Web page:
So if you live in a state where they get fussy about such things, do that switch bypass in a way that's easily reversed. Aprilia even has a part # for a plug to bypass that switch. That Aprilia shop, of course, did not know of this nor did they care.
 
  • Like 1

Share this post


Link to post
Share on other sites
cavedog
Sounds like the clutch switch is not connected. You will find the clutch switch under the clutch perch for the clutch lever. Just push it back in so it makes a good connection. Here is a link to a thread that covers this problem: Clutch Switch Link 
I don't think it was the clutch switch, that would not kill the bike if I went to first gear from neutral it just wouldn't let me start the bike in neutral.  I was not able to switch from neutral to 1st nor was I able to start the bike in first.  

Share this post


Link to post
Share on other sites
cavedog
Those side stand switches have a notorious reputation for failure. Think about it, an electrical switch at one of the dirtiest spots on the bike 
And instead of wiring those switches such that the circuit is opened when the stand is up, raising the stand closes the switch. Get water or chain lube or road grime into the switch and it'll fail to close - stalling the motor. The switch won't care if it's dark, raining and in the fast lane or going slow around a turn. The motor will just shut off. The lawyers who forced this safety device on us will not be there to help.
 
I was forced to undo the bypass I had for my Aprilia last year in order to pass the state safety inspection. The same place inspected that bike for a lot of years with that bypass hooked up and never said a word about it. And the dash on that bike also has a warning light that I allowed to continue working. They now test to see if the motor will stall (or not start) if the stand is put down while in gear.
 
So if you live in a state where they get fussy about such things, do that switch bypass in a way that's easily reversed. Aprilia even has a part # for a plug to bypass that switch. That Aprilia shop, of course, did not know of this nor did they care.

The switch by the kickstand was pretty dirty when I removed it.  I did notice that it has a sort of "step" to the actuation where it actuates smoothly, then feels like a mechanical resistance inside for a brief period, then continues to actuate smoothly.  I wonder if it wasn't this part of the actuation where it was getting hung up.  I definitely see how it could get gummed up from dirt or grime though.  While I see the need for something like this from a safety standpoint, it's not worth the potential inconvenience.  I did keep the sensor, in the event I ever sell the bike I'll just remove my solder joint and solder the wires back to the sensor.  It's a bit of work, but I kind of enjoy soldering, oddly.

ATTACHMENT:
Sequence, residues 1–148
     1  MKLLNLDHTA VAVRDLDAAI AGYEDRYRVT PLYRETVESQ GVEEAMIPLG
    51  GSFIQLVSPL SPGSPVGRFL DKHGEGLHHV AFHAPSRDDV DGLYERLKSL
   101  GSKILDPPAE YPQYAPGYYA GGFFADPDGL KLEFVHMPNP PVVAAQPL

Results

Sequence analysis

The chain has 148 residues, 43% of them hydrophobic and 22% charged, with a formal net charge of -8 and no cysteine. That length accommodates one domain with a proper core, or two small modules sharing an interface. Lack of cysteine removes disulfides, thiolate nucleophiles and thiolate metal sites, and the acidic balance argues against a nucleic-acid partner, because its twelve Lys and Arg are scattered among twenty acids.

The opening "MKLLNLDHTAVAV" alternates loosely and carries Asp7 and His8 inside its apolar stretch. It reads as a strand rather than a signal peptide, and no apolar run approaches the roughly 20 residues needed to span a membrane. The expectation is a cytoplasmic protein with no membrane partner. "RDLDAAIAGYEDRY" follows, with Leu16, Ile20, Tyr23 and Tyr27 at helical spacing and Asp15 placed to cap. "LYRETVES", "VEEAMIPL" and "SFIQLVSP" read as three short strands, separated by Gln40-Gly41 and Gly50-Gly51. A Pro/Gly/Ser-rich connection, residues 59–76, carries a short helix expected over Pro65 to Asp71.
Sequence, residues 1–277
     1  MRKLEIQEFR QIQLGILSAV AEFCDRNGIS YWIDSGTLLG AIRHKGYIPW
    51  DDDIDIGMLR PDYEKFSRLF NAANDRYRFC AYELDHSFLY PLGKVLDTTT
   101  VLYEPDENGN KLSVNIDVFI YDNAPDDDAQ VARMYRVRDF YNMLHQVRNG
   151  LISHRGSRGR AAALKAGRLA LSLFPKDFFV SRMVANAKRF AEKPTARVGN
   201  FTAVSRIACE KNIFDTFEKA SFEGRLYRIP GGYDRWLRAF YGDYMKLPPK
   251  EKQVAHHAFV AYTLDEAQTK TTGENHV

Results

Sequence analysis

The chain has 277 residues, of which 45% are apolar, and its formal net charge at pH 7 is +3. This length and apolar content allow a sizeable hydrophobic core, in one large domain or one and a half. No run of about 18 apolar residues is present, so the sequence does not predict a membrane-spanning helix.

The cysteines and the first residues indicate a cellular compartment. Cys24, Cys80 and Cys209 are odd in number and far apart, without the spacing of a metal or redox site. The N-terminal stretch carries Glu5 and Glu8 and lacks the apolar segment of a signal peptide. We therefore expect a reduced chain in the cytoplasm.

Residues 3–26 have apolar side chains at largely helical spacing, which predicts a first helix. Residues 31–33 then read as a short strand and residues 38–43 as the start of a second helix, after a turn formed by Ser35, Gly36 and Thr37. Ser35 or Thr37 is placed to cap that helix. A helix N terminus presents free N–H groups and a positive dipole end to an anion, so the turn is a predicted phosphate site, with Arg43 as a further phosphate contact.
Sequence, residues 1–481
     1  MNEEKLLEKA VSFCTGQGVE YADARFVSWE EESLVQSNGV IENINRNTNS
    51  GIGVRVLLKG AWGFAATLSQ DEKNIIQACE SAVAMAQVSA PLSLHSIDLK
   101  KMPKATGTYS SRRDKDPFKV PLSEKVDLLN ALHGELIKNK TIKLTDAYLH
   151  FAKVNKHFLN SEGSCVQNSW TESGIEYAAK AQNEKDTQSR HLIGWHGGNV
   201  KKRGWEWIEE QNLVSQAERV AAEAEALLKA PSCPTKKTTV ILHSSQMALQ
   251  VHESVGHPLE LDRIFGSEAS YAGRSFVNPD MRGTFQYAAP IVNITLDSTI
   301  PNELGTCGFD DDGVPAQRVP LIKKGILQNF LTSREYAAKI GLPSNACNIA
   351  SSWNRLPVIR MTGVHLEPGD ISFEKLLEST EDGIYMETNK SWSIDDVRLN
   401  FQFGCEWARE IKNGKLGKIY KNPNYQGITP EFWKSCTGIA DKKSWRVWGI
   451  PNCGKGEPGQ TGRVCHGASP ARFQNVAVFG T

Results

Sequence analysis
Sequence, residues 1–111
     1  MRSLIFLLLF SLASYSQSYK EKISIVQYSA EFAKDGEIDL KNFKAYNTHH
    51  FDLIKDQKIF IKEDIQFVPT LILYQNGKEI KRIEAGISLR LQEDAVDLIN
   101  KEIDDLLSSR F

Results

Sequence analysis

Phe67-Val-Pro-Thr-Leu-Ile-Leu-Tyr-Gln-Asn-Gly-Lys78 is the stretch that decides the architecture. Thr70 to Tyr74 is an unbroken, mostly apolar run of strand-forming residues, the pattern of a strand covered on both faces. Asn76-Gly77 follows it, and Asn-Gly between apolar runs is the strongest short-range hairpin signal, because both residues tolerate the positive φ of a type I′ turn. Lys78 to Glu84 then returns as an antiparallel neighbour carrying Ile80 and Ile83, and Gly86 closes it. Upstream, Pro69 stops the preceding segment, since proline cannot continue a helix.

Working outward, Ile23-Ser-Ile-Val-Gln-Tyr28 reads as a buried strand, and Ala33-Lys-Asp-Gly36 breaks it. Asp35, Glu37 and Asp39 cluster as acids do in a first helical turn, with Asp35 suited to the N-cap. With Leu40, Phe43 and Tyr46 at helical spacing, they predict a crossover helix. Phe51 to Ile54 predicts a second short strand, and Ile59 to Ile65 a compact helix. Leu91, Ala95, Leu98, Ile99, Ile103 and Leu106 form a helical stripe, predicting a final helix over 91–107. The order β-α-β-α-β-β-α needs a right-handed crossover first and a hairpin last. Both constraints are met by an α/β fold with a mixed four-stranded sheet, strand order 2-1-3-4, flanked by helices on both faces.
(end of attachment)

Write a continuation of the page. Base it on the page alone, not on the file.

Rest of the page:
How do you like your Aprilia by the way?  I've never seen one in person.

Share this post


Link to post
Share on other sites
yamahaha
While I'm not anxious to bypass the switch, I will try to trace the wiring up top so I can find an easy spot to jumper the wiring in case mine gives trouble. Nothing worse than lying on your back, in the dark, with mosquitoes, trying to fix something.
I've had to fix tires off road while its raining with every bug within a mile converging on my location for a feed. Sure takes the fun out of an outing.

Share this post


Link to post
Share on other sites
rick
While I'm not anxious to bypass the switch, I will try to trace the wiring up top so I can find an easy spot to jumper the wiring in case mine gives trouble. Nothing worse than lying on your back, in the dark, with mosquitoes, trying to fix something.  

Smart and oh, how true.  
 There's a plug somewhere on the loom for this. The Aprilia made jumper is just a plug with a loop of wire. Might be worth making one up and stashing it in the kit - just in case.  

Share this post


Link to post
Share on other sites
cavedog
While I'm not anxious to bypass the switch, I will try to trace the wiring up top so I can find an easy spot to jumper the wiring in case mine gives trouble. Nothing worse than lying on your back, in the dark, with mosquitoes, trying to fix something.  

Smart and oh, how true.  
 There's a plug somewhere on the loom for this. The Aprilia made jumper is just a plug with a loop of wire. Might be worth making one up and stashing it in the kit - just in case.  
I basically converted my sensor into this.  Also just an update, I've put a few hundred miles on the bike since removing the sensor and still no issues.  An aftermarket jumper would be ideal, since you can just plug the sensor back in if you want.  I will need to re-solder mine if it comes to that.

Share this post


Link to post
Share on other sites

Create an account or sign in to comment

You need to be a member in order to leave a comment

Create an account

Sign up for a new account in our community. It's easy!

Register a new account

Sign in

Already have an account? Sign in here.

Sign In Now
Sign in to follow this  


×

Important Information

By using this site, you agree to our Terms of Use.